A Program to Keep the Roof Over Your Head -- but It Will Cost You in the Long Run
For homeowners trying to renegotiate their loans under the government's new HOPE for Homeowners program, please read the paperwork carefully -- because once again, you'll be stuck with a costly mortgage deal.
HOPE for Homeowners, nicknamed H4H, became law this summer to help keep homeowners from defaulting on their mortgages and going into foreclosure. Lenders who voluntarily allow borrowers to refinance under H4H are required to reduce the size of the mortgage to a maximum of 90 percent of the home's current appraised value. Additionally, they are only allowed to put people in 30-year, fixed-rate loans.
The Federal Housing Administration will insure up to $300 billion of these new loans. As many as 400,000 homeowners could avoid foreclosure through H4H over the next three years.
This program provides a last hope for homeowners by bringing in the federal government as their investment partner for as long as they own their homes.
I know people are desperate to keep their homes, but they need to understand that H4H is an expensive rescue program. There is a great benefit upfront -- you get to keep your home.
But there is a significant cost to homeowners at the back end. If you take this deal, you have to split the initial equity created by the write-down of the mortgage with the FHA. The government also gets a 50 percent cut of any appreciated value for as long as you own the home -- even after you pay off the mortgage.
"It's outrageous," says John E. Taylor, president of the National Community Reinvestment Coalition.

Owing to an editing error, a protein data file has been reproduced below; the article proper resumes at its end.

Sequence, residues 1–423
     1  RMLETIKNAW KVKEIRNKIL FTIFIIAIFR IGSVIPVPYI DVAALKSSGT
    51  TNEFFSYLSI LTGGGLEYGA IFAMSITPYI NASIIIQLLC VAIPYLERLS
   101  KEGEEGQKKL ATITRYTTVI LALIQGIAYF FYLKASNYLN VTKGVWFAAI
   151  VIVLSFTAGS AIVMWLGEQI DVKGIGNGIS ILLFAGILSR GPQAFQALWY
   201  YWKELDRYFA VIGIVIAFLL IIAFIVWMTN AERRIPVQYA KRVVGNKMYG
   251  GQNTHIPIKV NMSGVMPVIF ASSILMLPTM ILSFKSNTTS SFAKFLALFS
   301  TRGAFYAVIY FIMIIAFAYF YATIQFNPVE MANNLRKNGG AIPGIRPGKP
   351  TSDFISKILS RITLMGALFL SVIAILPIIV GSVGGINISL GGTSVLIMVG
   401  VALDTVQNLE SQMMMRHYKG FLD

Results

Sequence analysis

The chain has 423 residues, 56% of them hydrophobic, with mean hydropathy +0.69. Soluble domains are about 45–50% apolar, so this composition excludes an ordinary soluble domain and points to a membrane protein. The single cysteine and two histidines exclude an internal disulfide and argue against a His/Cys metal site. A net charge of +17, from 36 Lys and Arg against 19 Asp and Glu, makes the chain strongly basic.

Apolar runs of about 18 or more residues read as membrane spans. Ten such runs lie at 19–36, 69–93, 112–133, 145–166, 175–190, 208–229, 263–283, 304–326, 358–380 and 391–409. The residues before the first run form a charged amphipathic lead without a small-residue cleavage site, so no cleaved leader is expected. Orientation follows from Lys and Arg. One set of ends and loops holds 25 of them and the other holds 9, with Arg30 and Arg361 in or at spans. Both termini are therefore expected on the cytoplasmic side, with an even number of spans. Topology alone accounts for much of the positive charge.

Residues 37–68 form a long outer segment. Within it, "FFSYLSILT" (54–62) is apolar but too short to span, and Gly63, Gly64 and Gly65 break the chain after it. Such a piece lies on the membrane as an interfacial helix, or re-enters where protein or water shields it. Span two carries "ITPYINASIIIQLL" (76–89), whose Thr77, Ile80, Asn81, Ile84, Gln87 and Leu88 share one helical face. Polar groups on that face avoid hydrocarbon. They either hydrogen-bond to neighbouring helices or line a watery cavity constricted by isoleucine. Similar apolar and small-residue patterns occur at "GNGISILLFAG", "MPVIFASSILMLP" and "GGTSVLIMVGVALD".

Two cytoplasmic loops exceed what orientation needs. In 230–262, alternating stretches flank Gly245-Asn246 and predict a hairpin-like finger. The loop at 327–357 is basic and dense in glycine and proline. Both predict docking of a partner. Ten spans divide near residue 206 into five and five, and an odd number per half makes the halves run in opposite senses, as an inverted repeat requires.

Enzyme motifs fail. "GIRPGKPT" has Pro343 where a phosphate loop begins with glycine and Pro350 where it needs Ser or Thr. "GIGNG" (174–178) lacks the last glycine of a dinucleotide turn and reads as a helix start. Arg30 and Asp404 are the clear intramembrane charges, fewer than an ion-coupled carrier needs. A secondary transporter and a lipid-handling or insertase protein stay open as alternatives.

For example, let's say your home has a current appraised value of $200,000. The lender would have to give you a 30-year, fixed-rate loan for $180,000, which is 90 percent of the appraised value.
So at the start of the H4H loan, you have $20,000 in equity. If you sell the home in the first year after receiving the loan or you refinance, FHA gets 100 percent of that $20,000. If you sell after two years, FHA would get 90 percent of the equity, or $18,000. Each year up to year five, the share that FHA gets is decreased by 10 percent. After year five, you have to share 50 percent of the equity created with the new loan.
In addition to this upfront equity-sharing, if your home increases in value between the time you receive your H4H mortgage and the time you sell the property, you will share the amount of this increase with the FHA minus any closing costs and a portion of any improvements you have made. This is a 50/50 split that does not change over time.
So, staying with the previous example, if you sell your home for $250,000 in a few years, FHA would collect $25,000 (half of the appreciated value of $50,000).
There are other rules worth noting. H4H participants are also barred from taking out second mortgages unless the money borrowed is used to maintain the property.